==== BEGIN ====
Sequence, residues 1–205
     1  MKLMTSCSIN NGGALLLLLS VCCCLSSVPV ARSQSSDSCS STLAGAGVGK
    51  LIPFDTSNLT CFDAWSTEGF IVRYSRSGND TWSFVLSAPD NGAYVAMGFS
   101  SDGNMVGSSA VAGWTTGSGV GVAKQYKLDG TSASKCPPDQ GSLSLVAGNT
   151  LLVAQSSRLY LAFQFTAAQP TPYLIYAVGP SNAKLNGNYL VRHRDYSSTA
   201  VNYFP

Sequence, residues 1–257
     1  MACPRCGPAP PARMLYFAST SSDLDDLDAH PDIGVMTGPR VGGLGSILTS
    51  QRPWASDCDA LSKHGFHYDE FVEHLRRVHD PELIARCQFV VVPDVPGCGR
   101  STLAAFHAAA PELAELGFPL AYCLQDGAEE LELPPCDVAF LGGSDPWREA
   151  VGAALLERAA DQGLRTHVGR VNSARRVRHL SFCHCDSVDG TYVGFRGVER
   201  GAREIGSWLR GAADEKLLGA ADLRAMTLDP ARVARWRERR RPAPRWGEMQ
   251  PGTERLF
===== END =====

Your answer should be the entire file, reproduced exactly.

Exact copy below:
Sequence, residues 1–205
     1  MKLMTSCSIN NGGALLLLLS VCCCLSSVPV ARSQSSDSCS STLAGAGVGK
    51  LIPFDTSNLT CFDAWSTEGF IVRYSRSGND TWSFVLSAPD NGAYVAMGFS
   101  SDGNMVGSSA VAGWTTGSGV GVAKQYKLDG TSASKCPPDQ GSLSLVAGNT
   151  LLVAQSSRLY LAFQFTAAQP TPYLIYAVGP SNAKLNGNYL VRHRDYSSTA
   201  VNYFP

Sequence, residues 1–257
     1  MACPRCGPAP PARMLYFAST SSDLDDLDAH PDIGVMTGPR VGGLGSILTS
    51  QRPWASDCDA LSKHGFHYDE FVEHLRRVHD PELIARCQFV VVPDVPGCGR
   101  STLAAFHAAA PELAELGFPL AYCLQDGAEE LELPPCDVAF LGGSDPWREA
   151  VGAALLERAA DQGLRTHVGR VNSARRVRHL SFCHCDSVDG TYVGFRGVER
   201  GAREIGSWLR GAADEKLLGA ADLRAMTLDP ARVARWRERR RPAPRWGEMQ
   251  PGTERLF